The New York Times is reporting that a studio executive told the paper that Up director Pete Docter played a crucial role in the painstaking process to get the Up house recreation built in Utah. When Blair Bangerter, the designer of the Utah house, came up with the idea to bring the home to life, it was widely assumed that Disney, who has been known to strongly protect its properties, would reject the offer. However, Docter learned of the plans and apparently stepped in.
The NY Times states:
Somehow Mr. Bangerter’s detailed architectural drawings made their way to Mr. Docter’s desk at Pixar. Touched that his film had inspired such an elaborate reaction, he asked the company to make it happen, according to the Disney executive.
It seems that without Docter’s intervention we may never have seen this project come to life. Many were baffled when the house did indeed come to fruition, as Bangerter Homes is marketing the colorful home as the Up house come to life. Most of the details seen in the film have made it into the recreation (some changes had to be made due to architectural reasons). Images and music from the film have been used to market the house. Bangerter is even expected to pocket around $400,000 from its eventual sale. So how did Disney allow it? Well, Bangerter was only allowed to build this one recreation – they could not build these homes all over the place. After the building was finished, Bangerter had to turn over the designs to Disney.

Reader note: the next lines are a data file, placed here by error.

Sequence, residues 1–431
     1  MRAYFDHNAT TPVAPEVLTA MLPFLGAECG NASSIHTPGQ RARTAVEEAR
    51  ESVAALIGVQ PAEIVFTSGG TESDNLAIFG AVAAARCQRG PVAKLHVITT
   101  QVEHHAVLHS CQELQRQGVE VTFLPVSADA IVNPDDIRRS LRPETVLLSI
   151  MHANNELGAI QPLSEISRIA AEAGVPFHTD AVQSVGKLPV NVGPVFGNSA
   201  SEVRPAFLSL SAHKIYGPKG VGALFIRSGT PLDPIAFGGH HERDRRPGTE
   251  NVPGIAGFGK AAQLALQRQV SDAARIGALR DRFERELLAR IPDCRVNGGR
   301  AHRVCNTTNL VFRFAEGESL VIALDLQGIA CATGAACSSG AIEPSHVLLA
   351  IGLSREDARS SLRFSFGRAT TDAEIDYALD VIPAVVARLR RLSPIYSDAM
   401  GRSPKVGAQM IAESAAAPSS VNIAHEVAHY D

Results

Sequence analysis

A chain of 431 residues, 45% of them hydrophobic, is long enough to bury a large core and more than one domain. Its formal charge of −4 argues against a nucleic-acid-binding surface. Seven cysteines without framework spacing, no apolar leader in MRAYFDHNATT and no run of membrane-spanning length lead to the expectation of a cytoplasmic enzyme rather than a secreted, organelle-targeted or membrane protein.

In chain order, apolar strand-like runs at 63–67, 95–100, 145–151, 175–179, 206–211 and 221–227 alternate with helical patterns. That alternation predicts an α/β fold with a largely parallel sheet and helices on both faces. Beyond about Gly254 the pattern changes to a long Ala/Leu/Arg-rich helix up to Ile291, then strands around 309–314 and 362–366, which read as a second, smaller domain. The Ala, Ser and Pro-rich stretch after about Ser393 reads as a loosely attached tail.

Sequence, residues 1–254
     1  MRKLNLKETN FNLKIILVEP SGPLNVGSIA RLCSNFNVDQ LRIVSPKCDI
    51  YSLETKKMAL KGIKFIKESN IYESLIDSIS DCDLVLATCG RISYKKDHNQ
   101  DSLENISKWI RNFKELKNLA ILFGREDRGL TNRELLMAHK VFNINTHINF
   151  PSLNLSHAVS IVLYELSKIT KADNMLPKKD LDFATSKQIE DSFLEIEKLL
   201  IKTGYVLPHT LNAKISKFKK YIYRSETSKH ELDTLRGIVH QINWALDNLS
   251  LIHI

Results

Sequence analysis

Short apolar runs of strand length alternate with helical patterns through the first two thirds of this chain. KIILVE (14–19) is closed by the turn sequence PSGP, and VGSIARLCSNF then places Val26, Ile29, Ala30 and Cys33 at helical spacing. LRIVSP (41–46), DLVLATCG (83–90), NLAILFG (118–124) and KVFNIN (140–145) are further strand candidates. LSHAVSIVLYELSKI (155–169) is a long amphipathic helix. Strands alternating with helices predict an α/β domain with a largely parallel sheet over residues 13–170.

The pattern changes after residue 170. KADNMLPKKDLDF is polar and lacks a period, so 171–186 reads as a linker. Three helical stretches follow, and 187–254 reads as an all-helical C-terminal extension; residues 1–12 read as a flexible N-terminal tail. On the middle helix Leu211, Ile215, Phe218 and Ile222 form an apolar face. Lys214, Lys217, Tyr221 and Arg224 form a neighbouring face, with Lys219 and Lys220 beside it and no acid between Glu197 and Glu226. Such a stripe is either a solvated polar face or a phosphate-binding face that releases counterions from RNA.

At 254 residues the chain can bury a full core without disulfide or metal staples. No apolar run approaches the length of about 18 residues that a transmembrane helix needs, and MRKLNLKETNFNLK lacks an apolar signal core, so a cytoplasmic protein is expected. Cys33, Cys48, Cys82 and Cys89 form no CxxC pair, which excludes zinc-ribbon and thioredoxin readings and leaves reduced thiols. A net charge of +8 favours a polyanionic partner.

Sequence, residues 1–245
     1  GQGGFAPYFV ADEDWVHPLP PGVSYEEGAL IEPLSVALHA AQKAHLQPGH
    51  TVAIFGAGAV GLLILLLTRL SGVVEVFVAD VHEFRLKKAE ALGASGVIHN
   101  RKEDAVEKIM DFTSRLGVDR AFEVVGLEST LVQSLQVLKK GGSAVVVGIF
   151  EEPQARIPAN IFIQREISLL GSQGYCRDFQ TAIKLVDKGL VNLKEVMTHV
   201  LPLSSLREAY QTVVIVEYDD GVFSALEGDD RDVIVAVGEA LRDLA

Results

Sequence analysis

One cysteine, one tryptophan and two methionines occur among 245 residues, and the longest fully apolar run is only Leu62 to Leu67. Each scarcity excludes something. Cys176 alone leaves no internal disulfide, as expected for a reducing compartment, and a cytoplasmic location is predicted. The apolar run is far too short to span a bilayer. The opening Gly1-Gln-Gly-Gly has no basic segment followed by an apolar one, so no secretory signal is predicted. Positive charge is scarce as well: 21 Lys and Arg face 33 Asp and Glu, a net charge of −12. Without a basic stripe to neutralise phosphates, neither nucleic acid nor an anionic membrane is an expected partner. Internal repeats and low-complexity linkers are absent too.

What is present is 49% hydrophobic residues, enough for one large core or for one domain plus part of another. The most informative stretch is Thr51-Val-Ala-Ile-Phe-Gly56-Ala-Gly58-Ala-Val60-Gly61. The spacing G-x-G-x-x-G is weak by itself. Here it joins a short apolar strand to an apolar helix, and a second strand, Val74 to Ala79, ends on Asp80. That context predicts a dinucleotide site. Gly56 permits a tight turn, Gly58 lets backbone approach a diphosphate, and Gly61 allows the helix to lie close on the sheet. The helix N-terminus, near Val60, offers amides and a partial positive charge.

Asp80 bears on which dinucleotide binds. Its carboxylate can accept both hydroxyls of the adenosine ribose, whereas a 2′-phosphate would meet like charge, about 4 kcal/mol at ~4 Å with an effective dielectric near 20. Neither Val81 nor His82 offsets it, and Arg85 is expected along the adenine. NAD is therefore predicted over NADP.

Considering all the red tape this project had to step over, it is remarkable to see it happen. Pete Docter was already considered to be one of the nicest guys – the fact that he personally intervened on the project’s behalf like this only cements that. The Monsters, Inc. and Up director is one of my favorite personalities at the studio. We know he can knock a film out of the park, touching the hearts of audiences across the globe. He can do it off the screen, too.
Source: New York Times